1 + 66C2h = 66C3h
66C3h * 3 = 13449h
13449h / 7B5h = 28h
28h = 40d

So the length of our serial number should be 40 characters long. Type in a new serial with 40 characters in it. After the call to CharUpperA which makes our serial all upper case we reach :-

00401225 lodsw ; loads first 2 chars of serial to AX
00401227 and ax, 7F7Fh
0040122B sub ax, 3030h
0040122F cmp al, 19h ; checks if the character is between 0-F
00401231 ja loc_401382 ; if not jumps to ERROR
00401237 cmp ah, 19h
0040123A ja loc_401382
00401240 movzx ebx, ah
00401243 movzx eax, al
00401246 mov al, ds:byte_401258[eax] ; HEX table for comparison
0040124C or al, ds:byte_401273[ebx] ; converts to HEX
00401252 stosb ; stores result in EDI
00401253 dec ecx
00401254 jg short loc_401225
00401256 jmp short loc_40128E

After this routine we have a buffer EDI that contains our serial in HEX format (just as you typed it in). Converting from 31 which is HEX for the character 1 into the HEX value of 1. Continuing on we reach some funky code at 0040128E :-

0040128E mov edi, offset unk_402230 ; buffer
00401293 xor eax, eax
00401295 push 5
00401297 pop ecx ; counter
00401298 repe stosd ; stores value from EAX into edi, 5 DWORDs
0040129A dec eax ; eax = -1
0040129B mov esi, offset unk_4020F0 ; username
004012A0 mov edi, offset unk_402230 ; buffer
004012A5 mov ecx, [ebp+var_4] ; length of name
004012A8 xor edx, edx

All the above does is clears out the buffer and puts our username into ESI and it's length into ECX. Here comes the fun :-

004012AA lodsb ; puts first byte from EDI into AL
004012AB xor ah, al
004012AD imul eax, 89177313h ; maths, no point in reversing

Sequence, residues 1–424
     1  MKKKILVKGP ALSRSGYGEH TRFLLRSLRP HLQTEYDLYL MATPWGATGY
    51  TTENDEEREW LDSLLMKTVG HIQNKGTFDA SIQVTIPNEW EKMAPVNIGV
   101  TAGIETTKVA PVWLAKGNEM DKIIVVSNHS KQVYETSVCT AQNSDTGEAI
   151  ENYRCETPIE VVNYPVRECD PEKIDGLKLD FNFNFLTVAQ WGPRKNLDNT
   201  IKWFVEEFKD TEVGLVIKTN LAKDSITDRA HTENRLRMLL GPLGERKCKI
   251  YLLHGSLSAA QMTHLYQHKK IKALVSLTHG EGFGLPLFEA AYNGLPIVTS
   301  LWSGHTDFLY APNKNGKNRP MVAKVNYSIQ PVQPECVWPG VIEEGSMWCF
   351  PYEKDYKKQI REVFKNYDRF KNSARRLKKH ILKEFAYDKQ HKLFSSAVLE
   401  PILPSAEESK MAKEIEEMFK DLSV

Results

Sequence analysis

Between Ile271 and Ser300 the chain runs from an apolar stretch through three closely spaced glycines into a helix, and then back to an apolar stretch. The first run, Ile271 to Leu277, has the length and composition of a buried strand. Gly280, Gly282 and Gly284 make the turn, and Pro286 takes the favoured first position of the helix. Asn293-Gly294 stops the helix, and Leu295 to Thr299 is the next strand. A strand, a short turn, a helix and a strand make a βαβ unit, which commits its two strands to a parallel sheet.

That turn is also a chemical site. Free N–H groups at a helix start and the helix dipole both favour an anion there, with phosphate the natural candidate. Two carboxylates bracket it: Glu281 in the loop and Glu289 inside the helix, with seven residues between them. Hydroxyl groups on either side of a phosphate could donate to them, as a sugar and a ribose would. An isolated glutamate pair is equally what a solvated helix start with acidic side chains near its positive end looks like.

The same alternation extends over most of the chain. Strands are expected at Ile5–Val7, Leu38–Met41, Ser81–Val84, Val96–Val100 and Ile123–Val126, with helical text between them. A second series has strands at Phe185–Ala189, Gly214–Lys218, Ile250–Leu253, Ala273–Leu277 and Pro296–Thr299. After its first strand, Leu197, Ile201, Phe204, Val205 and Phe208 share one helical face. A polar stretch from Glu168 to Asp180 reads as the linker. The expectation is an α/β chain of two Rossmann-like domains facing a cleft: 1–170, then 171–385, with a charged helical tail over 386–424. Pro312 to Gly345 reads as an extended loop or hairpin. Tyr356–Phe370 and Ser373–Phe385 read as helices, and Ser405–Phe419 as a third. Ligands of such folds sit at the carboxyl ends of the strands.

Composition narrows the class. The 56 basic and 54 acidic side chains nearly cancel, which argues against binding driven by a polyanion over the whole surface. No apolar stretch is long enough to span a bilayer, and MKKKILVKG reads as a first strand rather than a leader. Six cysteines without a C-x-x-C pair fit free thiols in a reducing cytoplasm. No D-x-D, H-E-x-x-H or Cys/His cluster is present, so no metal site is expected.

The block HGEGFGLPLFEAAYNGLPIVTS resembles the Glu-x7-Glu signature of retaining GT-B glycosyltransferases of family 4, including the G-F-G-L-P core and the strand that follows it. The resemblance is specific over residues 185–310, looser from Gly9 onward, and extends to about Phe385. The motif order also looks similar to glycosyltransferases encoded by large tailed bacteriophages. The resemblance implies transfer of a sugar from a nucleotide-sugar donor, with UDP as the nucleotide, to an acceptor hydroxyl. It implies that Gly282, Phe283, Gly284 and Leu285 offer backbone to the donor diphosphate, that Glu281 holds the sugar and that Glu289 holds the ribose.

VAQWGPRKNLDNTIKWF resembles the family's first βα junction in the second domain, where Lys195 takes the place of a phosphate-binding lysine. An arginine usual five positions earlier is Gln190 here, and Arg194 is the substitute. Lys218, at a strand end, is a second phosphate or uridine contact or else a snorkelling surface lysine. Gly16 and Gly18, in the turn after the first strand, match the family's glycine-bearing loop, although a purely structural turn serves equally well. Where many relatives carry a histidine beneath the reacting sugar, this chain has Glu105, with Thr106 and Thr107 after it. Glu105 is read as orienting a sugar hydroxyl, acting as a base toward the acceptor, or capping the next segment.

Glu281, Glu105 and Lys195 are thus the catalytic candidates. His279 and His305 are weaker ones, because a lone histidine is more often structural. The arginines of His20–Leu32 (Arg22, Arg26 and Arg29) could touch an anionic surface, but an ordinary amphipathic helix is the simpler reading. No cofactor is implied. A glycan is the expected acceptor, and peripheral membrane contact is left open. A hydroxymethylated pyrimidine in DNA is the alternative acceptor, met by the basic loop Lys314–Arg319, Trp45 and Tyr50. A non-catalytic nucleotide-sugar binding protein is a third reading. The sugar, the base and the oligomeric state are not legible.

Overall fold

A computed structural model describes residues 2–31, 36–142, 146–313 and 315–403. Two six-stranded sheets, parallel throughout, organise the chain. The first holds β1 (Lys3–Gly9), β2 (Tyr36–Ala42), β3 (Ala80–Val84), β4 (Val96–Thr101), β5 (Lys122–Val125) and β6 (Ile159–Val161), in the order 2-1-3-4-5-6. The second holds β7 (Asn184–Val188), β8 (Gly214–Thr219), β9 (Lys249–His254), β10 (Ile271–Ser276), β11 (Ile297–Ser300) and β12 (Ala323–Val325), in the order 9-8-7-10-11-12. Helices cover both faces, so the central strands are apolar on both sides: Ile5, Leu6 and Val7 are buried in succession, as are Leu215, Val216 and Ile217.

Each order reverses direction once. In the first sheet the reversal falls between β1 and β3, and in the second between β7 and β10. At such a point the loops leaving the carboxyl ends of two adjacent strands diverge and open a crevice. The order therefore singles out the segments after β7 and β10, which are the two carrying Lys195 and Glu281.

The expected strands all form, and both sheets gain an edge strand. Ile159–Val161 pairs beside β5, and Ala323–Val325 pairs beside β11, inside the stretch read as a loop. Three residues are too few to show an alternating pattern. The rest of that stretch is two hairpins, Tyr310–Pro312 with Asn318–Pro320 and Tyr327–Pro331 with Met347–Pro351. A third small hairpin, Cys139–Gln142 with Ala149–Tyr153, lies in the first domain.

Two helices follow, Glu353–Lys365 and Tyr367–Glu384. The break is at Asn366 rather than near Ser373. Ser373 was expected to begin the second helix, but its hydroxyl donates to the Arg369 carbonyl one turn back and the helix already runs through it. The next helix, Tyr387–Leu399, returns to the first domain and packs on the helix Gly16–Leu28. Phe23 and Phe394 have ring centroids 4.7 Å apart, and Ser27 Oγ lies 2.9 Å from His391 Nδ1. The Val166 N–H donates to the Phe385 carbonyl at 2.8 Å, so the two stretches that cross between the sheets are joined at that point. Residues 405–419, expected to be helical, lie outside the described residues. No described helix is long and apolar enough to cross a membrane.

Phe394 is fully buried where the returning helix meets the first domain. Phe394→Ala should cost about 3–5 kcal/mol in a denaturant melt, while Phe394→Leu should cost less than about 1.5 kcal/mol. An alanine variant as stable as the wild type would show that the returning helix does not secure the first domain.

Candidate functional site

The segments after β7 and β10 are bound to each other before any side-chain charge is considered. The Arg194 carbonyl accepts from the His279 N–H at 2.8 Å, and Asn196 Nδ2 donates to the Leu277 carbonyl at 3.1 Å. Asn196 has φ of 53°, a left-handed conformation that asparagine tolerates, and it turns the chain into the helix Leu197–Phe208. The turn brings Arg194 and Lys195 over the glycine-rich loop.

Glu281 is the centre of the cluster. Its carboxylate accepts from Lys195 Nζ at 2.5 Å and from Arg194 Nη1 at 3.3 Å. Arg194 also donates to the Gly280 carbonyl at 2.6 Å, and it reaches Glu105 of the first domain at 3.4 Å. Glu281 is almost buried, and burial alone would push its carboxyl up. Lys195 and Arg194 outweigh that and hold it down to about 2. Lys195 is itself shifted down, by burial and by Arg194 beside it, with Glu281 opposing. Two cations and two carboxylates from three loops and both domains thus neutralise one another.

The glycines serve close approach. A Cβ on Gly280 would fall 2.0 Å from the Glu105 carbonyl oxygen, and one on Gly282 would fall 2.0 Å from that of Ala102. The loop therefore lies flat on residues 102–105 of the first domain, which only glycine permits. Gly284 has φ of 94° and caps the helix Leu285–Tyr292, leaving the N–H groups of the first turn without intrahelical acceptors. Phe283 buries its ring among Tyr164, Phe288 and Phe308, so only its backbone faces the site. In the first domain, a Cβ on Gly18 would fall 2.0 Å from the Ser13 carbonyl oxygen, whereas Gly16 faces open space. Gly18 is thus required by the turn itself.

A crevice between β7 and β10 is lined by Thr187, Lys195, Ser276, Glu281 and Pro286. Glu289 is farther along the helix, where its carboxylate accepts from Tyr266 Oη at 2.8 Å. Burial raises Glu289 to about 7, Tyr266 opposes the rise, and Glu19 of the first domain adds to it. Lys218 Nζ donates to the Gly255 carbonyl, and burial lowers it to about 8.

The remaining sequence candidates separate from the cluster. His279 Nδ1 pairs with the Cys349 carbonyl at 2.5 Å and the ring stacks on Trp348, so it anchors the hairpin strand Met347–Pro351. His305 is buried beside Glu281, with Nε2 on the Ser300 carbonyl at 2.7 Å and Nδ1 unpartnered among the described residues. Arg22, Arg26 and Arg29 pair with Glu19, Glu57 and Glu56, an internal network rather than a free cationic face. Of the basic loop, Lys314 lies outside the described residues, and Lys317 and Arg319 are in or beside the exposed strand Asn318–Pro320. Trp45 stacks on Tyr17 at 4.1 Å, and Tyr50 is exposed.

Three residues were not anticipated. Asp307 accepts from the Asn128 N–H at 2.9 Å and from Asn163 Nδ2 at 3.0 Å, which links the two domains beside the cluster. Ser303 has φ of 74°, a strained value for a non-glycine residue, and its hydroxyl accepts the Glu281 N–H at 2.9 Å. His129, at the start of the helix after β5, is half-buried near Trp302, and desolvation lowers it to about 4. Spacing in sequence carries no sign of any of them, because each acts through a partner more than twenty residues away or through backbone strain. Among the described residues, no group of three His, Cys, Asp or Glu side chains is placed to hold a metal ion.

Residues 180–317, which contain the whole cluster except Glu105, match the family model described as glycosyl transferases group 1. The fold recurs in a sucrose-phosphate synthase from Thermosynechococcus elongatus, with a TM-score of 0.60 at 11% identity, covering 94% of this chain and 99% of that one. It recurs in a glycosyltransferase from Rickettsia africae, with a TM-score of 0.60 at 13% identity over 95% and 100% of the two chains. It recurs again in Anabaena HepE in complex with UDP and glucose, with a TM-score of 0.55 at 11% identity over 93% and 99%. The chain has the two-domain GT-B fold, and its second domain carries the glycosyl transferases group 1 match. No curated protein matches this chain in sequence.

004012B3 and eax, 55AA55AAh
004012B8 imul eax, 12299381h
004012BE xor eax, 0AA55AA11h
004012C3 imul eax, 61h
004012C6 xor ah, al
004012C8 or eax, 10030118h
004012CD imul eax, 988279h
004012D3 rcl eax, cl
004012D5 xor [edi+edx], eax
004012D8 add edx, 3
004012DB and edx, 0Fh
004012DE inc edx
004012DF dec ecx
004012E0 jg short loc_4012AA ; loops for the entire length of our name

004012E2 mov esi, offset unk_402170 ; company
004012E7 mov edi, offset unk_402230 ; buffer
004012EC mov ecx, [ebp+var_8] ; length of company
004012EF xor edx, edx
004012F1 lodsb
004012F2 sub ah, al ; as above
004012F4 imul eax, 89157313h
004012FA and eax, 55AA55AAh
004012FF imul eax, 12299387h
00401305 or eax, 0AA55AA11h
0040130A imul eax, 61h
0040130D xor eax, 10010114h
00401312 imul eax, 7918279h
00401318 xor ah, al
0040131A rcr eax, cl
0040131C xor [edi+edx], eax
0040131F add edx, 3
00401322 and edx, 0Fh
00401325 inc edx
00401326 dec ecx
00401327 jg short loc_4012F1
00401329 sub eax, [edi+8] ; additional (to top it off)
0040132C imul eax, 34814815h
00401332 add [edi+10h], eax
00401335 shr eax, 0Bh
00401338 and eax, 3
0040133B mov [edi], al

What this mess of code does is take our name, one character at a time, manipulate it and store it, this is done for the entire length of our name. Notice how it only uses 28h bytes from the buffer.

004012D8 add edx, 3 ; EDX started at 0, add 3 to it
004012DB and edx, 0Fh ; only allow for DL to hold 4 bits
004012DE inc edx ; increment by one to get to next DWORD

As you can see the index to the buffer (EDX) can only go from 0 to F. Notice how it uses the same destination buffer, this overwrites the name code with the company code which is built from some of the name code. Just trace this routine a couple times you will get it. All this work generated a code 40 digits long which will be used later to compare against the RSA generated code from our serial number.

0040133D push offset unk_402270 ; buffer
00401342 push offset word_402370 ; serial number we entered
00401347 push offset unk_402000 ; n
0040134C call sub_4013CD ; RSA Encrypt code

The above code takes our serial number and the modulus n along with a return buffer and calls the RSA Encrypt function which will return the encrypted serial number.